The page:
Christiana Figueres, Executive Secretary of the UNFCCC, spoke to the press on the final day of Ad Hoc Working Group negotiations in Bangkok. According to Figueres, there is no country that is fundamentally opposed to a second commitment period of the Kyoto Protocol, though “whether they individually intend to participate is another issue”. (Japan, for example, refuses to sign onto further commitments if the US and China do not do the same.) She said that while talks in Bangkok have taken longer than hoped and discussions have not been easy, Parties have demonstrated dedication, commitment, and seriousness about engaging with the process.
She noted that Cancun was a major step forward, but that it did not solve the broader problems. Echoing the main argument of developing countries, she emphasized the need to keep issues of the Bali Action Plan that were not agreed on in Cancun on the table. She referred to agriculture and maritime and aviation emissions in particular as “small font” issues unresolved in Cancun, while global goals, emissions peaking, and the legal nature of the next chapter of the climate regime are considered the “big font” issues still to be decided.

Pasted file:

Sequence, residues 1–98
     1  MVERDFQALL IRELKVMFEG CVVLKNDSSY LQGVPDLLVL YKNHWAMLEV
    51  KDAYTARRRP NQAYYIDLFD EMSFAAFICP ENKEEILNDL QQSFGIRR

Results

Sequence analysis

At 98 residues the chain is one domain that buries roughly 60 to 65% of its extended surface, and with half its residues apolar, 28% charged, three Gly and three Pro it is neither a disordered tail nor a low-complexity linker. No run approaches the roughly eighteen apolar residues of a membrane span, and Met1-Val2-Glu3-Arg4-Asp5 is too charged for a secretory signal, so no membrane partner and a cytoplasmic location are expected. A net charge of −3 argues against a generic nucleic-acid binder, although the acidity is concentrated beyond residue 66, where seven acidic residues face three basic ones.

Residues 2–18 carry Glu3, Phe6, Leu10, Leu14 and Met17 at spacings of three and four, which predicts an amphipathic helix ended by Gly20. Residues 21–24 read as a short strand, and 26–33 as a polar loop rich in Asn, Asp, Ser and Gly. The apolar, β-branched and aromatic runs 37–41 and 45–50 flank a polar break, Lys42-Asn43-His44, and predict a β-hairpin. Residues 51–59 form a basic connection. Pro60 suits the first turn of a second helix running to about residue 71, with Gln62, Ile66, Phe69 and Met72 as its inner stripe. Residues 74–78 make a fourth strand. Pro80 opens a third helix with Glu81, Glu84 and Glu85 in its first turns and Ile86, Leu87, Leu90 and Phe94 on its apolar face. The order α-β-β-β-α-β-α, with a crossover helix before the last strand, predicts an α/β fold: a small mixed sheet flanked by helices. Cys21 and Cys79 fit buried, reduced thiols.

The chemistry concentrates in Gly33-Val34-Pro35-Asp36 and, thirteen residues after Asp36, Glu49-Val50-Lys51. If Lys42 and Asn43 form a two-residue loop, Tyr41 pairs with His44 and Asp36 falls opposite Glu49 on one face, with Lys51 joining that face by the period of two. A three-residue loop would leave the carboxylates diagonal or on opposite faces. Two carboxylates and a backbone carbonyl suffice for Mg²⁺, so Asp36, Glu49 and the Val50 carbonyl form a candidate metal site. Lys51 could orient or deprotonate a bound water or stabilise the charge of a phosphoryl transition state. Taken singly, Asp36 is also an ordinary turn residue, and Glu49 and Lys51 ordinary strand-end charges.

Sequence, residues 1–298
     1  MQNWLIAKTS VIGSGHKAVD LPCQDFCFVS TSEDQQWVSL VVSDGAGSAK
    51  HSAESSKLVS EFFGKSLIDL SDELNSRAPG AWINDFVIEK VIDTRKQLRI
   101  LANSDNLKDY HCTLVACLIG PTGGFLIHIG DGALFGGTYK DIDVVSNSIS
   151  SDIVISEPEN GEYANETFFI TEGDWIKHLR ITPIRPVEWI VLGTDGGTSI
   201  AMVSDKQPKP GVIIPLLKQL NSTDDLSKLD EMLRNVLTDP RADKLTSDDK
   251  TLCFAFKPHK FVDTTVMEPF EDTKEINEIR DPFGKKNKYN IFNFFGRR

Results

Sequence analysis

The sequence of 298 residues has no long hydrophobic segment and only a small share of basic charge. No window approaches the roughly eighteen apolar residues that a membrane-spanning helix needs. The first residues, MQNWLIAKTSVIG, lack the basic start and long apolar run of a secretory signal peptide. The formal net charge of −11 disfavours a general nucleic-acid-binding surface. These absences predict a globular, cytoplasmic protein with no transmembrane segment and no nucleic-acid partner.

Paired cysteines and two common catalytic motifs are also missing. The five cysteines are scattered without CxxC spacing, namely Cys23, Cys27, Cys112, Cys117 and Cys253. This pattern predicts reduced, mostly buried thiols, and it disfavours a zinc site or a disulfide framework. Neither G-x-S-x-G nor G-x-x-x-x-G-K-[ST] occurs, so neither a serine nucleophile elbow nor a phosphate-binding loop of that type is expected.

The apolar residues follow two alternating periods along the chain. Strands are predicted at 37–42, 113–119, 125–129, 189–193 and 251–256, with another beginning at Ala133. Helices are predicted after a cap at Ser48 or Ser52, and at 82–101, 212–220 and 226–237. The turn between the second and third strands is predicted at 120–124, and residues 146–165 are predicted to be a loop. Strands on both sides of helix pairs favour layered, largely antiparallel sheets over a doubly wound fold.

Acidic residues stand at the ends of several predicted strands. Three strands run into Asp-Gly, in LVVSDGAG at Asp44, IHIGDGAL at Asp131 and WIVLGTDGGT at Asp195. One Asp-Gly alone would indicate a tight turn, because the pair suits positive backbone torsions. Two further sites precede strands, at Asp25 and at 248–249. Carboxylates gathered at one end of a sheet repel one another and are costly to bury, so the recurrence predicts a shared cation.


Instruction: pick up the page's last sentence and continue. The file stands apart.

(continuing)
In terms of next steps, Ms. Figueres expects there to be several ministerials, likely in Germany, Mexico, and South Africa, this year ahead of COP17 in Durban. In response to critical questions from reporters, she acknowledged that it is up to each Party to decide the best path for domestic implementation of international agreements. She also lauded the Convention for being the only process in the world that allows for every single country, especially the most vulnerable ones, to participate in making international decisions on climate change. Noting the importance of international treaties to confer both rights and obligations upon its member states, she pointed out that the Kyoto Protocol provides a certain sense of predictability, certainty, and timing through setting clear targets, timelines, and compliance mechanisms. Indicating that something like this needs to be the operating backbone of the next climate regime, it is “clearly not where we are now”, as Parties attempt to determine if a domestically-driven approach will be enough to meet the 2 degrees Celsius target for global temperature rise.